Like a tsunami, Barroso's surprise claim that the EU was an "empire" is spreading out from its epicentre at Strasbourg, to crash against the shores of the British print media.
First in line is The Times which is running a lengthy piece today – and many more are to follow.
David Charter does the business for The Times, focusing on the British perspective, writing that, "Britain was told yesterday that it was part of a new European empire", styling Barroso as, "the Brussels bureaucrat who would be emperor".
I can't resist the description, though. The EU is the Empire of the Senseless.
I just noticed this from a post of Stephen Pollard's:
...a very senior - EU official ... told me, that Britain has now 'crossed the line' and 'will not be allowed to block further progress'. The view is, he said (and he was talking about other Member States rather than just Eurocrats) that the UK has 'blackmailed the rest of us for too long, and we have lost patience.' If we don't agree to the development of a deeper, full on political entity then 'they can go away and link up with the Faroe Islands'.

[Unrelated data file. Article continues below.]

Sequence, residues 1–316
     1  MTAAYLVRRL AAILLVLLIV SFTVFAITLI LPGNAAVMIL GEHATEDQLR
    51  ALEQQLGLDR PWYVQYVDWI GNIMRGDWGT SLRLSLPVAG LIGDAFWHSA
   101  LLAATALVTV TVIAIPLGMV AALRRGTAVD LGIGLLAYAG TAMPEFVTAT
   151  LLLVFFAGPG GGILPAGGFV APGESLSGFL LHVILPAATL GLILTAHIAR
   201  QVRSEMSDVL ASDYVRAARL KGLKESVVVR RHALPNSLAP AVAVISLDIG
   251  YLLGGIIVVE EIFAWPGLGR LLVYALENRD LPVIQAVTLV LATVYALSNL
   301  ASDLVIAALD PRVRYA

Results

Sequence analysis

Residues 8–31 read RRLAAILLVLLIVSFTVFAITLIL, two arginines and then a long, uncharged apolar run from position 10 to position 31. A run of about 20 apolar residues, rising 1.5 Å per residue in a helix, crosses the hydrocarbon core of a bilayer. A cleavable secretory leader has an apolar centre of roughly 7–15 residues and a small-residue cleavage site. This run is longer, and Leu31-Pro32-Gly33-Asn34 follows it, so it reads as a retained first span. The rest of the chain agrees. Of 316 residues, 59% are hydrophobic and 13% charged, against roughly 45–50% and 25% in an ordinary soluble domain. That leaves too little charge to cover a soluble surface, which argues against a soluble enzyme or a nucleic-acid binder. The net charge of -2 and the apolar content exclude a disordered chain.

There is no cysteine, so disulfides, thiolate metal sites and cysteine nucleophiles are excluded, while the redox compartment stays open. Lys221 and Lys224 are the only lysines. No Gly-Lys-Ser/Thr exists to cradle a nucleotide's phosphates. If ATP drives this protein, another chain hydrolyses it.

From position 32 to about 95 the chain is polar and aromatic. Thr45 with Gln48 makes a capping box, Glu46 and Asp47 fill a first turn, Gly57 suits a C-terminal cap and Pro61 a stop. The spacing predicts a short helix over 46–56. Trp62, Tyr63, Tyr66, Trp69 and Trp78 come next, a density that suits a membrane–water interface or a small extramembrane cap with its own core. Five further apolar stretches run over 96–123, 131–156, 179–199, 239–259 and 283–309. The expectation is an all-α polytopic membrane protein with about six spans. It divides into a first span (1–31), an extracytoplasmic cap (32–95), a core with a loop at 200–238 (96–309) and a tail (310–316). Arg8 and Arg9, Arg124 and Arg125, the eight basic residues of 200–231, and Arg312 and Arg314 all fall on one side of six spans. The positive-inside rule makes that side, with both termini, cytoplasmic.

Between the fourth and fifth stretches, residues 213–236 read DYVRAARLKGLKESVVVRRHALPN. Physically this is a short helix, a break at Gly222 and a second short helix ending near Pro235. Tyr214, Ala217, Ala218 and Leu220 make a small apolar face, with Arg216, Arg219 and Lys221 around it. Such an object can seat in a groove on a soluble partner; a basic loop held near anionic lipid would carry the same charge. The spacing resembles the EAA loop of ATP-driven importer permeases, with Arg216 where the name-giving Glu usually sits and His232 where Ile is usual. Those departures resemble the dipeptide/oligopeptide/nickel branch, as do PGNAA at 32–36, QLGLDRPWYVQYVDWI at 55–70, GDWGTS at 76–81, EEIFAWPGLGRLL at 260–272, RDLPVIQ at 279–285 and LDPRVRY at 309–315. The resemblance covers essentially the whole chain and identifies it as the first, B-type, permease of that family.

Here was the really chilling aspect of it: 'Look at what nearly happened on Friday to Poland. Who the hell do they think they are, threatening to disrupt everything. They should be grateful we let them in in the first place. Well, we taught them a lesson on Friday. If you don't sign up, we'll go ahead anyway and build a new structure without you. And guess what - they signed up.' That, I was told, was how the UK would be treated from now on, not least because while there was room for doubt over Tony Blair, who was felt to be 'a good European', there was no doubt about Gordon Brown, 'who makes clear what he thinks of the EU every time he comes to ECOFIN - he issues a press release and does his paperwork for two hours then goes home'. So he won't be allowed to impede further deepening.